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 Capacity:  The greatest volume that a container can hold.
The English system (used by the United States) uses the following units to measure capacity for liquids: teaspoon, tablespoon, liquid ounce, cup, pint, quart, gallon, and barrel.

Milk is sold in varying capacities. The school cafeteria usually has milk in half-pint containers. The grocery store sells milk in pints, quarts, half-gallons, and gallons.

The Metric System (used by most other countries) uses the following units to measure liquid capacity: milliliter, liter, and kiloliter.

Sodas, such as Coca-Cola and Mountain Dew, are sold in two-liter and three-liter containers.

Cubic Units and Dimensions
In the Metric System the units for volume are derived from units for length. For example, the milliliter is defined as a cubic centimeter. In other words, a milliliter is equivalent to the capacity of a cube with sides of length 1 centimeter. The largest volume (capacity) this cube can hold is:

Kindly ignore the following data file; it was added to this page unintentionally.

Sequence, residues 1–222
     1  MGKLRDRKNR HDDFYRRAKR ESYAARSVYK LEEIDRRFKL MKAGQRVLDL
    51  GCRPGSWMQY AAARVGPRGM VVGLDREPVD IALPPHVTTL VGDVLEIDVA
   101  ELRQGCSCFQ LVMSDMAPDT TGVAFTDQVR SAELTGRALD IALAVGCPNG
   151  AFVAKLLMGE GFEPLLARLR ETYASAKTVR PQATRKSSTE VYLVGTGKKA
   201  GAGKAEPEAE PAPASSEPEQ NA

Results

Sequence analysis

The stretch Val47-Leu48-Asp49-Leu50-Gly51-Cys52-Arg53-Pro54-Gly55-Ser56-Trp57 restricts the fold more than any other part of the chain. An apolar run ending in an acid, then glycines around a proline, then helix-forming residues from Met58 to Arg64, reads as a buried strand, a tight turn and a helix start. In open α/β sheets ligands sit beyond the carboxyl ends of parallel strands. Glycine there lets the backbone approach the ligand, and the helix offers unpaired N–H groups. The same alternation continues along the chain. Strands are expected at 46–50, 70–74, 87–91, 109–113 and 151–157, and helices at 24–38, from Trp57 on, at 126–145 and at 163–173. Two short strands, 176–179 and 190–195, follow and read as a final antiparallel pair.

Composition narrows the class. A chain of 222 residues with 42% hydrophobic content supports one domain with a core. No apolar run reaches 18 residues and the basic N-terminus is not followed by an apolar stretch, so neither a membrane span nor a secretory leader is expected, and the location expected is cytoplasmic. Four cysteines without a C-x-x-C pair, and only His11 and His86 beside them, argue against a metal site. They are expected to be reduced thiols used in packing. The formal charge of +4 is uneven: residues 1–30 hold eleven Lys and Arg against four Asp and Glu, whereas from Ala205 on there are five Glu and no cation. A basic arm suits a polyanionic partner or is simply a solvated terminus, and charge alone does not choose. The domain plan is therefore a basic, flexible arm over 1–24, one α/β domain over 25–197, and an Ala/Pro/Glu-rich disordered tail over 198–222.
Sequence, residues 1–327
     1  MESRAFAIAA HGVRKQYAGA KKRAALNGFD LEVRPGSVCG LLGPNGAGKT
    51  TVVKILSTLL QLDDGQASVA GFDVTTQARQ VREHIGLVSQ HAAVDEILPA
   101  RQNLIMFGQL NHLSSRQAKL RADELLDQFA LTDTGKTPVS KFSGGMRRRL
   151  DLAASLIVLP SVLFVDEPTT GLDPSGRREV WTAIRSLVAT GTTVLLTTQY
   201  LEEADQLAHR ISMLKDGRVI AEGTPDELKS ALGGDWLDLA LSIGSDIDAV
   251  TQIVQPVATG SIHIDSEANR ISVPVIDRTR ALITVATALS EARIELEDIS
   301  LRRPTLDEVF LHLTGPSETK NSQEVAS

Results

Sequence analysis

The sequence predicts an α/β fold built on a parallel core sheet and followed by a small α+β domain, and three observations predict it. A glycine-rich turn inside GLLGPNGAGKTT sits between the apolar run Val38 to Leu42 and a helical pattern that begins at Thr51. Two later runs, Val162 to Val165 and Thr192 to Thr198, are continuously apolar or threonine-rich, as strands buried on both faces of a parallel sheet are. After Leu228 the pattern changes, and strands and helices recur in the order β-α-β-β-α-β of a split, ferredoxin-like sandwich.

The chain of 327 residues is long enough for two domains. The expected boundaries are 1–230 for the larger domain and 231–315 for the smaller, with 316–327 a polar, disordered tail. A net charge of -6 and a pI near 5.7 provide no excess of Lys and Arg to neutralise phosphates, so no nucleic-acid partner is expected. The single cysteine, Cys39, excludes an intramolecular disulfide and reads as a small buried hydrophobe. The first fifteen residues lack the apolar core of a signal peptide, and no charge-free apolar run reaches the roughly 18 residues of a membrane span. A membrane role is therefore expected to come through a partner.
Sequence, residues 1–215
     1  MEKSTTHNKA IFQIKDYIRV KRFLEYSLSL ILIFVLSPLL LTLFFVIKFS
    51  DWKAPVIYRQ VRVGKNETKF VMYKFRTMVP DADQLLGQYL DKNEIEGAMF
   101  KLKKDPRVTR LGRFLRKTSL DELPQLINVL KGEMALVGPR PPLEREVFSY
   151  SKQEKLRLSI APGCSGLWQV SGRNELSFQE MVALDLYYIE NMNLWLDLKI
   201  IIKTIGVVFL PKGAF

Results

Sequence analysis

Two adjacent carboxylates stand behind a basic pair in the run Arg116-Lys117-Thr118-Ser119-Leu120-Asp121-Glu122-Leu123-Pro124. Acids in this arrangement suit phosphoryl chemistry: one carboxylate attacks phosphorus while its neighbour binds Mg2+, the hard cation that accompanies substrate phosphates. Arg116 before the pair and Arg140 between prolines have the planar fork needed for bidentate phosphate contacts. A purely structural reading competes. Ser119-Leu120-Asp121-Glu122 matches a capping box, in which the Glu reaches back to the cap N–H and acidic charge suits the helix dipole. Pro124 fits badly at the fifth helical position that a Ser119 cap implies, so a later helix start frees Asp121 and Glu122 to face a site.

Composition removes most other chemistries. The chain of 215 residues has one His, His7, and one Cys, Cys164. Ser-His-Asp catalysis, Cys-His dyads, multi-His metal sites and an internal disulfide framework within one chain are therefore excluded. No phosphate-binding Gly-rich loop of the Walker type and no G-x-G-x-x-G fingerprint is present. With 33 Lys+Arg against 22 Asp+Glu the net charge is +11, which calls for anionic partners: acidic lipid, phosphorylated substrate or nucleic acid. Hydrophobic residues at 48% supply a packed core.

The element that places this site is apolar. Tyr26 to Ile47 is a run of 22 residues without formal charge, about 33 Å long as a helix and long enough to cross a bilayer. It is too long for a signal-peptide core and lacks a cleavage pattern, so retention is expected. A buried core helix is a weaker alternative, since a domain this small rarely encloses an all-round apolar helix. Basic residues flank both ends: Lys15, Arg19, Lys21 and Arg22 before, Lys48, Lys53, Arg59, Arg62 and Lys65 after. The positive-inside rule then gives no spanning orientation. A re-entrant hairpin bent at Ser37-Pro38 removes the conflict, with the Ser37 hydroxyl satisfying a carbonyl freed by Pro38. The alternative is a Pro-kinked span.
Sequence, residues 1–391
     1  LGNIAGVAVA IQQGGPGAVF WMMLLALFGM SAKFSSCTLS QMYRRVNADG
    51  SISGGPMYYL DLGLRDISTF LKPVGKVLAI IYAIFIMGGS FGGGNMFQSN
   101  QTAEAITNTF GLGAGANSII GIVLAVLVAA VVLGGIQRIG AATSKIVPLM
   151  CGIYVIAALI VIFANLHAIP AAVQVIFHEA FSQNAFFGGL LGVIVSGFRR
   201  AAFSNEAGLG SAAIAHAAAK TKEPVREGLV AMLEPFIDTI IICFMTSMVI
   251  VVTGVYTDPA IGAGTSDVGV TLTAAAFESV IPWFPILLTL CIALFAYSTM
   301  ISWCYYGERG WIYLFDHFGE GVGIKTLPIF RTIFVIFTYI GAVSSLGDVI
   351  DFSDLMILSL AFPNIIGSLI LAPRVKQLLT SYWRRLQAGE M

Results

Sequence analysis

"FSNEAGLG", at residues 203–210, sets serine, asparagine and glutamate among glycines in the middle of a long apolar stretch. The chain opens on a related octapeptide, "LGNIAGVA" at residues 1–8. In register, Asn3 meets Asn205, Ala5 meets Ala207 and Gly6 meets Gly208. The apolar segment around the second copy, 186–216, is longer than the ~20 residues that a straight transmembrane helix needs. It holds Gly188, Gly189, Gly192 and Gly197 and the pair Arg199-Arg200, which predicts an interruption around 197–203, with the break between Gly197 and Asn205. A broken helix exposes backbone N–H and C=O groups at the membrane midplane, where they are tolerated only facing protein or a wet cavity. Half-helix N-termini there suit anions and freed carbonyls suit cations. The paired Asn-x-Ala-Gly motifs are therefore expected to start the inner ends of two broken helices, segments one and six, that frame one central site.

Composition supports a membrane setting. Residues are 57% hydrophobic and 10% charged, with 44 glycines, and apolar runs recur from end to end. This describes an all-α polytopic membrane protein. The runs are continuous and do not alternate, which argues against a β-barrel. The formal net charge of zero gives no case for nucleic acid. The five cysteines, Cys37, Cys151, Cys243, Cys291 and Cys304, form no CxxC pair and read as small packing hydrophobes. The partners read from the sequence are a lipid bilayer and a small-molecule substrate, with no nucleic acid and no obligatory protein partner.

V = length x width x height
=1 cm x 1 cm x 1 cm
=1 cubic centimeter.

So the dimensions of the cube are the length, width and height, and their product can tell us the capacity of the cube. These values describe how large the cube is.

In the same manner, the liter is defined as a cubic decimeter and the kiloliter is defined as a cubic meter.

Examples versus Non-Examples

Volume is sometimes used to mean capacity. To distinguish between the two terms, consider two boxes, one that is open and fillable and one that is solid. Let's say the first one is a juice box and the other one is a brick. Liquid can be poured into the juice box, but cannot be poured into a brick because it is solid. So we can say that we can measure the capacity of the juice box, but not the capacity of the brick. Yet we can measure the volume of each the box and the brick.